To start this little tale, I should first say that I've struggled with sourdough for a couple of years now. I know, you'd think after you'd fought with something for that long, you'd just give up. But after a number of failures, it became a mission to get it right.
Easier said than done. I produced a number of bricks from my oven, and a number of mushy blobs. I can't tell you how many pounds of breadcrumbs it all made. So, so many. But, I am pleased to announce that I finally have got it right!
YEAY! I have been nurturing a starter now since mid-July. It's still alive! It's a miracle! Not only that, but I can actually make a really nice loaf (or two) of bread from it. There's a secret to it, do you want to know what it is? Don't knead it!
I know, I'm crazy. Almost every recipe that I have ever read says "knead the dough until it windowpanes", meaning you knead it for like 10 minutes straight until you can stretch it thin enough to see light through it. That has only ever produced either a brick of bread so hard you couldn't cut it, or a blob of mush that overproofed. So I stopped that. And I do this instead:
First, take your mushy dough out of the mixer when it's ready, and only when it's fully incorporated. How do you know when that is? It sticks to everything in sight, but then it peels off the things really easily when you go to move it. It's an odd thing it does, but it's alive, so just go with it. I almost want to say it's got a texture like that green goo stuff they used to sell for kids. My brothers used to have it, back in the day. Sticky, but you can scrape it up and move it without leaving residual bits. Weird.
Anyway, take out the dough, put it on a WELL floured mat, and knead it for a minute or two, just so it feels cohesive and looks a little smoother. It will NOT pass the "windowpane test", but that's good. Then flatten the dough out.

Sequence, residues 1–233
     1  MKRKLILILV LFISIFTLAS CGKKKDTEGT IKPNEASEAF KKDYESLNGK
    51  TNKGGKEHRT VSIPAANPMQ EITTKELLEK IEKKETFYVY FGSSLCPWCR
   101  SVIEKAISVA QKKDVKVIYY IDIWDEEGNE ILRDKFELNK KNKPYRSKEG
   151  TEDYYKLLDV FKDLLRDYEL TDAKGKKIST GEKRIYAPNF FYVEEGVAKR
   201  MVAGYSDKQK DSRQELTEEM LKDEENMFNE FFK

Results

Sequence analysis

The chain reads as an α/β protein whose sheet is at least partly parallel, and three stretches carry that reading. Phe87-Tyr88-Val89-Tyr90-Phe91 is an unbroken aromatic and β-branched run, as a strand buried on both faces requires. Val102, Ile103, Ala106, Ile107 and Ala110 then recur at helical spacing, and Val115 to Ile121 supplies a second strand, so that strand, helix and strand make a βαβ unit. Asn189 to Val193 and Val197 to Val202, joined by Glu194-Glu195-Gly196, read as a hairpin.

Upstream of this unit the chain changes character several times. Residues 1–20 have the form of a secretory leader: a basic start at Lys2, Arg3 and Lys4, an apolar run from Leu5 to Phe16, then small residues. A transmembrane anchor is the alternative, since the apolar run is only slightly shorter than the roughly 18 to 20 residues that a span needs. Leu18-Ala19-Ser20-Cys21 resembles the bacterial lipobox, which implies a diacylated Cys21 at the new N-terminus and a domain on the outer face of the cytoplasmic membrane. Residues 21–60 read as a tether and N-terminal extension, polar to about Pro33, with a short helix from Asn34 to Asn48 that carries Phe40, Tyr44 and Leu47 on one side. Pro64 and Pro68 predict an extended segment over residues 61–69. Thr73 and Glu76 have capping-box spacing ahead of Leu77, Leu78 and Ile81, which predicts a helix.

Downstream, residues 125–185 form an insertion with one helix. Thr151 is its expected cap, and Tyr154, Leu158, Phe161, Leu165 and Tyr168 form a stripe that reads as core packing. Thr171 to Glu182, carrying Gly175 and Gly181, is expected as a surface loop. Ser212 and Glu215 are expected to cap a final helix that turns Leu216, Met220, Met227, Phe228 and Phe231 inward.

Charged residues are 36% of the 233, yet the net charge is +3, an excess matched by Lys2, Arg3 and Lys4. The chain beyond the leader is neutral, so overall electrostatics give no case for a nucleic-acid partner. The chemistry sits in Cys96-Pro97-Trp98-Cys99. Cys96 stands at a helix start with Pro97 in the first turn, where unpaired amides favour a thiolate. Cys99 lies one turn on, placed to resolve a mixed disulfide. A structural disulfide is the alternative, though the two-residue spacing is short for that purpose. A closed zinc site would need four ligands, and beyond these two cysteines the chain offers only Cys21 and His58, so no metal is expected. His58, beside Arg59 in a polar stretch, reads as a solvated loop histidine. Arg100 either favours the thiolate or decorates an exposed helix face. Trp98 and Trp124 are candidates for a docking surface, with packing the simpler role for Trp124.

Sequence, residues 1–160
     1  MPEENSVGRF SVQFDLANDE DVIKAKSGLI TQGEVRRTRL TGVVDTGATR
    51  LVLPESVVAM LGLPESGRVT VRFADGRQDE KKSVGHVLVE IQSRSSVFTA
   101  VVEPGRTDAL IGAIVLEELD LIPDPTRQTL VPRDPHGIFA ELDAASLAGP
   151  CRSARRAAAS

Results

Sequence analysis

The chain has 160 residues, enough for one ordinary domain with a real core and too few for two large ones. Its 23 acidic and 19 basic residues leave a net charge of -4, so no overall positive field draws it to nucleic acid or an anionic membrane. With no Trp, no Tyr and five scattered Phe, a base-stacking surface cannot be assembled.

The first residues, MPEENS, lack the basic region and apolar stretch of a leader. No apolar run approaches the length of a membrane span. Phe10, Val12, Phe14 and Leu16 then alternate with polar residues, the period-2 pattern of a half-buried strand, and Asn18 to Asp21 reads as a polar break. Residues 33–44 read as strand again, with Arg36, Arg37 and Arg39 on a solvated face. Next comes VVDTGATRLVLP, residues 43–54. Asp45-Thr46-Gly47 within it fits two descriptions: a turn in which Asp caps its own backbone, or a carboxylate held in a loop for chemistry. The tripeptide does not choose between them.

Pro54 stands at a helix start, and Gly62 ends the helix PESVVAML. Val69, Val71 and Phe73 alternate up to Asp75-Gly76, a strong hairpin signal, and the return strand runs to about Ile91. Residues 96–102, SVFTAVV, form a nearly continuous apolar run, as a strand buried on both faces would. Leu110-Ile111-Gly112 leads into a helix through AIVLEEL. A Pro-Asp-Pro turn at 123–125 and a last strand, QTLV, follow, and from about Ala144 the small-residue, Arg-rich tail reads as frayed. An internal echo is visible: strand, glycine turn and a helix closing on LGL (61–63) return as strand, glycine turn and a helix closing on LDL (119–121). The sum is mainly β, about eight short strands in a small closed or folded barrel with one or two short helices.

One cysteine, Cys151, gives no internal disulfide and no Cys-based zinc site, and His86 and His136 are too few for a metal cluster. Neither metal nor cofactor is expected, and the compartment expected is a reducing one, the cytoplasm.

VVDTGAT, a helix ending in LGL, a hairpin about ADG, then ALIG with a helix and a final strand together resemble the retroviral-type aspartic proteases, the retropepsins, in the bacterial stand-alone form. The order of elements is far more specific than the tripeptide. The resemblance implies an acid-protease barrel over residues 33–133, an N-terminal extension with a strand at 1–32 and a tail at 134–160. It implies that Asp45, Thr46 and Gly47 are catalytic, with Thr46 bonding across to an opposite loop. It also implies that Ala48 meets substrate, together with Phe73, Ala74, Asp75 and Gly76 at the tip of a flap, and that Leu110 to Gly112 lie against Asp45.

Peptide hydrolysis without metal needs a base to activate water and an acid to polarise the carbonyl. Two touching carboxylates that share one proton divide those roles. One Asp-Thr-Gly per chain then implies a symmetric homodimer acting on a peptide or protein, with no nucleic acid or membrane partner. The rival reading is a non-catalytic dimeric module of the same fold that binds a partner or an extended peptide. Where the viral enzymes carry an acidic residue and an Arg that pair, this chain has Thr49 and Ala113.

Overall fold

Then here's the tricky part. Stretch it and fold it.
Fold one side:
Then the opposite side:
Then another side:
(make sure you stretch it each time, that's important)
Then the last side:
Then stop touching it, and cover it up and put it to bed for an hour:
After your hour is over, do it again. Flatten it out, stretch and fold, stretch and fold, stretch and fold. Put it back to sleep for a second hour.
I will add here, that I do this all at room temperature. I don't put it anywhere near a warm surface to rise. I have found that putting it somewhere warm speeds up the proofing process and I get a flat, gooey mess. So it just sits on the counter and does it's thing.
After hour two, uncover it and poke your finger in it, kind of hard, but not very hard. If the indentation disappears, you can do this process a third time. If the indentation is very deep, you've overproofed and the bread will come out weird. Next time try just one folding and then do the finger test to see. Either the starter was very active, or the room was very warm, so it got happy. What you're really looking for here is for the indentation your finger left to slowly receed, but you can still see it in the dough, shallowly. When you do, it means your baby is ready to bake.
At this point, I split my dough into two loaves, because that's just the kind of girl I am, and I score the top, because it's nice.
It's still alive here, and somewhat active, so the slashes you make will grow. Do it right before you put it into the oven so they don't grow too much.
Bake the bread at 400F with a pan of water in the bottom, and in 30 minutes (that's what works for me, it may be different for you), pull a loaf out and knock on the bottom. If it's hollow, it's done.
This is fabulous bread and totally worth the time and effort it takes. If you've ever had trouble with sourdough (like I have), try this technique. I was surprised, but it really does work. Try it and see!